3) Uncertainty, Technical or Fundamental Correction? Yes we had a cascade of 998 Dow points, but we were down 772 points for week…that is the real point. This is suggested as a technical correction, 10% downdraft in light of our run since February. Maybe not. Fundamentally, if this daisy chain of events occurs due the ECB elite dithering while Athens burns, we’ll see a drop of another 2000 Dow points. Will we drop 2000 points? Dunno. Maybe the strong ECB statement last night from Europe (Reprinted at the end hereof), will “fix” the issue for now…or not. If not, we can expect more of what happened this week. It all depends on how the Big $$ views the actions of the ECB in reducing uncertainty.
    4) What about the 998 point cascade? Got stops? A market stop is to stop out at the next market price … but Thursday that might have been $.50,  $2,  $4  per share or even further below the stop price that triggered the stop. Why the vacuum of buyers and lack of liquidity? It sure as hell wasn’t a fat finger, I’ll tell you that.  First of all, I know sqwat. But I read and decide who I believe. My take is the HVT, HFT machines (high frequency and high velocity trading algorithms), which make 1000s of trades in milliseconds, once they saw the magnitude of the price drops, stopped buying, and so the “liquidity” they provide was pulled out from under us like a rug. The result: no or limited bids and we fell like a drunken sailor and hit our ‘eads on the concrete.
    5) Lessons to be learned:
    a. NO Margin. If you were on margin you got slaughtered unless you were short and covered at the bottom like the venerable Blake Morrow. http://tradingviews.com/expert/bmorrow.aspx Btw, if you’re not watching Blake and Nick Pirraglia live on TVN, you’re leaving money on the table. http://tradingviews.com/expert/npirraglia.aspx
    b. If you’re not using the TVN day trading techniques, be in CASH on sidelines until the pros sort this out and give us the all clear. I called this downdraft 10 days ago, called it scary the way the chart on SPX looked like late January. My actions: I went to 100% CASH twice this week (very smart), only to venture back in trying to catch the falling knife (very dumb). It HURT.
    I pulled my stops and just sold all when we hit SPX 1148. The I watched the cascade. I actually had the guts and bought like crazy with the DJI down 900 points (got AAPL @ 210.68 @ 14:46.51 Thursday), and was UP nicely on the 4% down day when this happened. I gave it ALL back the next day as the ECB dithered. Nick, Blake, Kevin Dixon, Jason Ramos and Harris Frankel told us to go small and loosen the stops due to the huge increase in volatility. I kept banging away, rookie mistake. Even an investor who trades needs to know he can’t hold while this kind of nonsense occurs. CASH does not go down. I could have made a LOT if I stayed out of the fray, by simply not losing. Risk management lessoned learned, again. Could have been a LOT worse. Not good enough.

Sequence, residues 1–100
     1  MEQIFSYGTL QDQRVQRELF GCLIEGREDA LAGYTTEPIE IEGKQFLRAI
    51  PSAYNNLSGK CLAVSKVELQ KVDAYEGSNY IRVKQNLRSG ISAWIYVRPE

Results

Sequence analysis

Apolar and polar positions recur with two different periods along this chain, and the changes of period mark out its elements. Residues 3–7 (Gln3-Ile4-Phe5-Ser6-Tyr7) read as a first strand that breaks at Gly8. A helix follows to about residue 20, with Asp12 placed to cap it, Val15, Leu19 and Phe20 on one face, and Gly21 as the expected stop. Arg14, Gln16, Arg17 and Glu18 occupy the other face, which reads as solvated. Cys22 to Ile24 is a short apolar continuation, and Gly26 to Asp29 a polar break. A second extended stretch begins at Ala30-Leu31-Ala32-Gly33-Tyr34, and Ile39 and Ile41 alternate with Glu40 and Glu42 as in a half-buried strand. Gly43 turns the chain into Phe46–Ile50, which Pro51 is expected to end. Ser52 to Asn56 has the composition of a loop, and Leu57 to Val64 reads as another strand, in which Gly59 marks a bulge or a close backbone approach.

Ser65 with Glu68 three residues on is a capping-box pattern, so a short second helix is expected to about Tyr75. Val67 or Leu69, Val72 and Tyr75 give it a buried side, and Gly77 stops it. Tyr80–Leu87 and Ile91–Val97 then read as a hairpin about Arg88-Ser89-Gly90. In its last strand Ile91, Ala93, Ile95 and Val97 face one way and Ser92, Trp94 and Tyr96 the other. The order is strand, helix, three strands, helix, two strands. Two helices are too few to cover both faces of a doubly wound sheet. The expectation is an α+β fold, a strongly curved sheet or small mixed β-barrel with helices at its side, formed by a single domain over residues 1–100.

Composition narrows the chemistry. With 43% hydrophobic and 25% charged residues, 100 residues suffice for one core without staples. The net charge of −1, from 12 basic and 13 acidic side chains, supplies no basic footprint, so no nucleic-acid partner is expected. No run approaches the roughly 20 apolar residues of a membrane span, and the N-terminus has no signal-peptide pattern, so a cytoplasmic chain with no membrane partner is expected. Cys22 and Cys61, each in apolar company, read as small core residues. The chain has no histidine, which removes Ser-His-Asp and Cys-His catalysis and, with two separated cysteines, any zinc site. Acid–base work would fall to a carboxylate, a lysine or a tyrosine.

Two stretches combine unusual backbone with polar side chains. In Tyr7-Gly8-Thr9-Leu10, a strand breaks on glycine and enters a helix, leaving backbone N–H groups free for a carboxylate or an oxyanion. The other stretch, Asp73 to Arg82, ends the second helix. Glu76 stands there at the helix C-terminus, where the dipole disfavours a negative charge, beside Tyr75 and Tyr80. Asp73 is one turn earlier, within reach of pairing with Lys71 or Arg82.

6) What to do now? We may pop on Monday based on this ECB Statement and the EURO Emergency Fund. I bought back at the close and am 55% long, 45% CASH in stuff like CLF, CMI, FLS, TER. AAPL. I’ll be selling and raising more cash if we rip higher unless there is a clarion call that ALL is clear. I expect other trapped longs to do the same. If we don’t pop. I’m all cash in one tick.
     
    Brussels, 7 May 2010
    STATEMENT OF THE HEADS OF STATE OR GOVERNMENT OF THE EURO AREA
    (1) Implementation of the support package for Greece
    In February and in March, we committed to take determined and coordinated action to safeguard financial stability in the euro area as a whole.
    Following the request by the Greek government on April 23 and the agreement reached by the Eurogroup on May 2, we will provide Greece with EUR80 billion in a joint package with the IMF of EUR110 billion. Greece will receive a first disbursement in the coming days, before May 19.
    The program adopted by the Greek government is ambitious and realistic. It addresses the grave fiscal imbalances, will make the economy more competitive, and will create the basis for stronger and more sustainable growth and job creation.